Tag Archives: Alan Black

New Faces, New Rep, and High Decibels Shake and Rattle the Belk

Review: Charlotte Symphony Plays Kabalevsky’s Cello Concerto No. 1

By Perry Tannenbaum

2022~Kabalevsky Cello-04February 25, 2022, Charlotte, NC – Theatre and music critics can be lulled into complacency – mixed with boredom – when called upon to review Shakespeare’s As You Like It or Tchaikovsky’s Nutcracker beyond the seventh time. So it’s gladdening and stimulating to see how recent social, political, and public upheavals have affected local programming in the Queen City. Though it constantly calculates years ahead, Charlotte Symphony has not been the slowest to react and evolve. Not at all: in the past four weeks, I’ve been compelled to remember the names of new guest soloists and conductors – and to read up on composers whose works I was hearing at Knight Theater and Belk Theater for the first time. When American composer John Corigliano is the best-known composer at a Symphony program in the Belk, you know we’ve wandered off the beaten path.

Apple Music and Spotify are both aware of Chilean-Italian guest conductor Paolo Bortolameolli and Mexican composer Gabriela Ortiz, but neither of their giant streaming catalogues contains the first piece that Bortolameolli performed with Symphony, Ortiz’s Téenek – Invenciones de Territorio. Obviously, our guest would need to have an inside track on this composition. As associate conductor of the Los Angeles Philharmonic, he did, for the LA Phil commissioned the piece and it was premiered under the baton of Gustavo Dudamel in 2017. The piece, divided into three sections, had glimmering textures and lively rhythms from south of the border, with celesta, tubular bells, and harp coming in the wake of the piece’s biggest climax and some mellow work from principal oboist Hollis Ulaky along the way.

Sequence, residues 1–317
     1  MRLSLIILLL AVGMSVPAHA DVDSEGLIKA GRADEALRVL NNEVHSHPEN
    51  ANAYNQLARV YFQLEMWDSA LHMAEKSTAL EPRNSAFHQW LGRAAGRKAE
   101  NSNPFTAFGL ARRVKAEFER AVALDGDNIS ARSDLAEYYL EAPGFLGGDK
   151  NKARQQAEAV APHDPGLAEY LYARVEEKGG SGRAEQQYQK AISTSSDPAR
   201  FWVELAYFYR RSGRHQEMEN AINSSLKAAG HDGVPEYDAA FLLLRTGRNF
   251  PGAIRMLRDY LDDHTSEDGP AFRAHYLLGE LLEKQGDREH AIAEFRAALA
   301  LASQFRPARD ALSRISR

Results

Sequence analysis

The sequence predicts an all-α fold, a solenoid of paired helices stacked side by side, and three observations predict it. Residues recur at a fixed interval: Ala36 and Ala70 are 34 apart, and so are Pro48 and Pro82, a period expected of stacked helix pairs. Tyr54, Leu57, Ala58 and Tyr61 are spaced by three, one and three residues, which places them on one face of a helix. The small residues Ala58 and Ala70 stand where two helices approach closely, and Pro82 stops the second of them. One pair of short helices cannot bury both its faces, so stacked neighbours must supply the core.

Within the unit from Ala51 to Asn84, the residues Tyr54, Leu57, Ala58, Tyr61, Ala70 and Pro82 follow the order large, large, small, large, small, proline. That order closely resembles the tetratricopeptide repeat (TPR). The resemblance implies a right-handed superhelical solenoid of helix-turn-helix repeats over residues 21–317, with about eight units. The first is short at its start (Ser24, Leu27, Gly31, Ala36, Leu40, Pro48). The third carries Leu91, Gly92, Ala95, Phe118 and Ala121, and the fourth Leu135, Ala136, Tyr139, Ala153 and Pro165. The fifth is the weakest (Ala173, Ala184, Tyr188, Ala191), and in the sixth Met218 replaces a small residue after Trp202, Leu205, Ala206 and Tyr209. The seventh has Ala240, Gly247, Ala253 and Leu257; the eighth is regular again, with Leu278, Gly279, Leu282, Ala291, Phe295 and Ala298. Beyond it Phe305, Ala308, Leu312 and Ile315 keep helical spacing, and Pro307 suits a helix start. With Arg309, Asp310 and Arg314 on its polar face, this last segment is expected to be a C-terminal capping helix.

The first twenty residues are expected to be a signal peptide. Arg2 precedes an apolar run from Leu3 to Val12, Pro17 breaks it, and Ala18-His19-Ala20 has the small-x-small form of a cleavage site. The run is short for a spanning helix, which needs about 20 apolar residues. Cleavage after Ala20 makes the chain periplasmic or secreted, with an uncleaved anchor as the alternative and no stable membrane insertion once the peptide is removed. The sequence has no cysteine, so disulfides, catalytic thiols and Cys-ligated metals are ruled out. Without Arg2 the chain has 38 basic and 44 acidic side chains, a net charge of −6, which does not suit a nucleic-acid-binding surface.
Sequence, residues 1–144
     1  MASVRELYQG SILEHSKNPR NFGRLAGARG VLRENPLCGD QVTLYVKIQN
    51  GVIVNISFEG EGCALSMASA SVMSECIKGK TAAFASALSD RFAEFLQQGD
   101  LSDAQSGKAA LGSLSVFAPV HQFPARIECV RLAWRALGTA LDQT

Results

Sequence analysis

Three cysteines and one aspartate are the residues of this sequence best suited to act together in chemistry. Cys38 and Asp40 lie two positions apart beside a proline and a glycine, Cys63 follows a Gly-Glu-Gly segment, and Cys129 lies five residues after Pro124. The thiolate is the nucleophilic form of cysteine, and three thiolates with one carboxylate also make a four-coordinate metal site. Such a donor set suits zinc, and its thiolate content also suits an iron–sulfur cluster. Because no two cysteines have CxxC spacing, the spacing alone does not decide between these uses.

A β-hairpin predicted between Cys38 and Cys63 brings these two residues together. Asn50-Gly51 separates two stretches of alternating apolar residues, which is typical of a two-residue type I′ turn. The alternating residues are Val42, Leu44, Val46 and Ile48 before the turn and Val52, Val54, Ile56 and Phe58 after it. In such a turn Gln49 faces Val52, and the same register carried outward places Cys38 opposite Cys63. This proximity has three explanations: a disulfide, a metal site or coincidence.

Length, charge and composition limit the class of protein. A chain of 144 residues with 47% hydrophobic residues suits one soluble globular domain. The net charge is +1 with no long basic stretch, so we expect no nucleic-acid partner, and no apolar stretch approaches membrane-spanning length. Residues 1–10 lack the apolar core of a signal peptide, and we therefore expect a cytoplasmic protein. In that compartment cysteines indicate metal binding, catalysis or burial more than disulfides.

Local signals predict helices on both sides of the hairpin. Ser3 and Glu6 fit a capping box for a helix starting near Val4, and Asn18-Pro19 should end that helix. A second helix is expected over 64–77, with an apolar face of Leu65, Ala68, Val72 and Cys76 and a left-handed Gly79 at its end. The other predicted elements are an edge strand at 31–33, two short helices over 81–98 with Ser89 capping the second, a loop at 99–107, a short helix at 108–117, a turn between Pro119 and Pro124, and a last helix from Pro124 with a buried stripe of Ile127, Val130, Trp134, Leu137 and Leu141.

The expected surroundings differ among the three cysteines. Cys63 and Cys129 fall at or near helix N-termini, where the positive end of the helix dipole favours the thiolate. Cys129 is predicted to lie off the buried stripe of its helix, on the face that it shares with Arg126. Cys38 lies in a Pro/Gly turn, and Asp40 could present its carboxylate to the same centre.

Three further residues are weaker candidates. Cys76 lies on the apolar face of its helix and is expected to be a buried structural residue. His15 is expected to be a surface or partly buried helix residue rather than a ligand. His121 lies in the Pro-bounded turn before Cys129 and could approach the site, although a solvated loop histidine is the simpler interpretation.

I was still struggling with the spelling of Russian composer Dmitri Kabalevsky’s last name in my driveway as I was tallying my mileage and parking in my expense app after the concert – and berating myself for forgetting his first. The deluge of new data I needed to process was happily compounded by an auspicious debut of Christine Lamprea, who soloed on the marquee piece, Kabalevsky’s Cello Concerto No. 1. Lamprea established another appealing trend, the second consecutive female soloist to clutter the Belk stage with a music stand and a musical score. That’s a byproduct of presenting a piece that the guest artist hasn’t played over and over around the country and the globe. Among the half dozen recordings that I tracked down, the best-known soloist to have played Kabalevsky’s Op. 49 is Yo-Yo Ma (Raphael Wallfisch, however, has recorded Concerto No.2, Op. 77), whose performance vies with Daniil Shafran’s, conducted by Kabalevky himself, as the definitive account.2022~Kabalevsky Cello-05